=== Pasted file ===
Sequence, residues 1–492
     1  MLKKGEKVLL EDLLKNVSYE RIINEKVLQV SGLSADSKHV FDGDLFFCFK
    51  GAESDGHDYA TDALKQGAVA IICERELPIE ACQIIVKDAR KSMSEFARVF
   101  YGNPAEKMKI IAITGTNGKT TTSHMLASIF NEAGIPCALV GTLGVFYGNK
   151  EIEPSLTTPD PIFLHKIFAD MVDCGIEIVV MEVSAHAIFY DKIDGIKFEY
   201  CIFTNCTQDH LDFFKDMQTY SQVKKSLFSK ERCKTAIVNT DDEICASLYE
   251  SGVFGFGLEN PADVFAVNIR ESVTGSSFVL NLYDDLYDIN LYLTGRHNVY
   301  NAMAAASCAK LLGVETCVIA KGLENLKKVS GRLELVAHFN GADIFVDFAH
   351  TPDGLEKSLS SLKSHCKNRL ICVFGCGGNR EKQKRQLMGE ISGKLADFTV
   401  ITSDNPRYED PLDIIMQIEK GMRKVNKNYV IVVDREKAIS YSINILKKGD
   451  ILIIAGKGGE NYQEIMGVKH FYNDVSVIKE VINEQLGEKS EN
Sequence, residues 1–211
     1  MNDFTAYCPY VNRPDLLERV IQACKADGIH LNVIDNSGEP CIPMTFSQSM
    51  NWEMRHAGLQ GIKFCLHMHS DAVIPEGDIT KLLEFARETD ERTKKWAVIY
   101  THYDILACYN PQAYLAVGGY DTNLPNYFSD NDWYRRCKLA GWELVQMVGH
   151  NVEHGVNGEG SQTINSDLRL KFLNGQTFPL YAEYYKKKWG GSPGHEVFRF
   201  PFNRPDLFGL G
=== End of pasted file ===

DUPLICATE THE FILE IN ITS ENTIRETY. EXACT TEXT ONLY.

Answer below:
Sequence, residues 1–492
     1  MLKKGEKVLL EDLLKNVSYE RIINEKVLQV SGLSADSKHV FDGDLFFCFK
    51  GAESDGHDYA TDALKQGAVA IICERELPIE ACQIIVKDAR KSMSEFARVF
   101  YGNPAEKMKI IAITGTNGKT TTSHMLASIF NEAGIPCALV GTLGVFYGNK
   151  EIEPSLTTPD PIFLHKIFAD MVDCGIEIVV MEVSAHAIFY DKIDGIKFEY
   201  CIFTNCTQDH LDFFKDMQTY SQVKKSLFSK ERCKTAIVNT DDEICASLYE
   251  SGVFGFGLEN PADVFAVNIR ESVTGSSFVL NLYDDLYDIN LYLTGRHNVY
   301  NAMAAASCAK LLGVETCVIA KGLENLKKVS GRLELVAHFN GADIFVDFAH
   351  TPDGLEKSLS SLKSHCKNRL ICVFGCGGNR EKQKRQLMGE ISGKLADFTV
   401  ITSDNPRYED PLDIIMQIEK GMRKVNKNYV IVVDREKAIS YSINILKKGD
   451  ILIIAGKGGE NYQEIMGVKH FYNDVSVIKE VINEQLGEKS EN
Sequence, residues 1–211
     1  MNDFTAYCPY VNRPDLLERV IQACKADGIH LNVIDNSGEP CIPMTFSQSM
    51  NWEMRHAGLQ GIKFCLHMHS DAVIPEGDIT KLLEFARETD ERTKKWAVIY
   101  THYDILACYN PQAYLAVGGY DTNLPNYFSD NDWYRRCKLA GWELVQMVGH
   151  NVEHGVNGEG SQTINSDLRL KFLNGQTFPL YAEYYKKKWG GSPGHEVFRF
   201  PFNRPDLFGL G